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## Modus tollensModus tollens (Latin: mode that denies) is the formal name for indirect proof. It is a common, simple argument form: - If P, then Q.
- Q is false.
- Therefore, P is false.
or in set-theoretic form:
- ∴
The argument has two premises. The first premise is the conditional "if-then" statement, namely that P implies Q. The second premise is that Q is false. From these two premises, it can be logically concluded that P must be false. (Why? If P were true, then Q would be true, by premise 1, but it isn't, by premise 2.) Consider an example: - If there is fire here, then there is oxygen here.
- There is no oxygen here.
- Therefore, there is no fire here.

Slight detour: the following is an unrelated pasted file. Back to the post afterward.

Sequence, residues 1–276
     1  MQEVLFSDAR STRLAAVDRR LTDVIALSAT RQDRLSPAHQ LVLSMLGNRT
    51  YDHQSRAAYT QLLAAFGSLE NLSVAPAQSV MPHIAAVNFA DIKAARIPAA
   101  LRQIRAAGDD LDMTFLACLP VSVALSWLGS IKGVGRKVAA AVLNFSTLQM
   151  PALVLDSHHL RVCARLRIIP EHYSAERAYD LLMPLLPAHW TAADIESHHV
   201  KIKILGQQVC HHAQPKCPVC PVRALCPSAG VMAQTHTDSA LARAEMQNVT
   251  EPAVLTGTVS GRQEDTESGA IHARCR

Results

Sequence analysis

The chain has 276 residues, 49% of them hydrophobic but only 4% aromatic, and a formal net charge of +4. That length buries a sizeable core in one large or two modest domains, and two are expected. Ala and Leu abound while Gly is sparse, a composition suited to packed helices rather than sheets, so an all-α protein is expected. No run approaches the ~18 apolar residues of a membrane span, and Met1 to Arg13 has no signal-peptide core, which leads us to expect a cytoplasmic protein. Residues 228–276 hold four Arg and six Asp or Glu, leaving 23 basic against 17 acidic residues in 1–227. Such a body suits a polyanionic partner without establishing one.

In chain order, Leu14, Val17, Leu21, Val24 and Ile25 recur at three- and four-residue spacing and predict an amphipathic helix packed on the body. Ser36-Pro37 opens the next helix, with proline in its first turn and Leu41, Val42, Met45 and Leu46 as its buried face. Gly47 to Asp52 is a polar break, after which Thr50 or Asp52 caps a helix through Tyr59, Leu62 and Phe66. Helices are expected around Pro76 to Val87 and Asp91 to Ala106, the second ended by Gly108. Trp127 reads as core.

- If Lizzy was the murderer, then she owns an axe.
- Lizzy does not own an axe.
- Therefore, Lizzy was not the murderer.
Suppose one wants to say: the first premise is false. If Lizzy was the murderer, then she would not necessarily have to have owned an axe; maybe she borrowed someone's. That might be a legitimate criticism of the argument, but notice that it does not mean the argument is See also: modus ponens, affirming the consequent, denying the antecedent, falsificationism. | |||||

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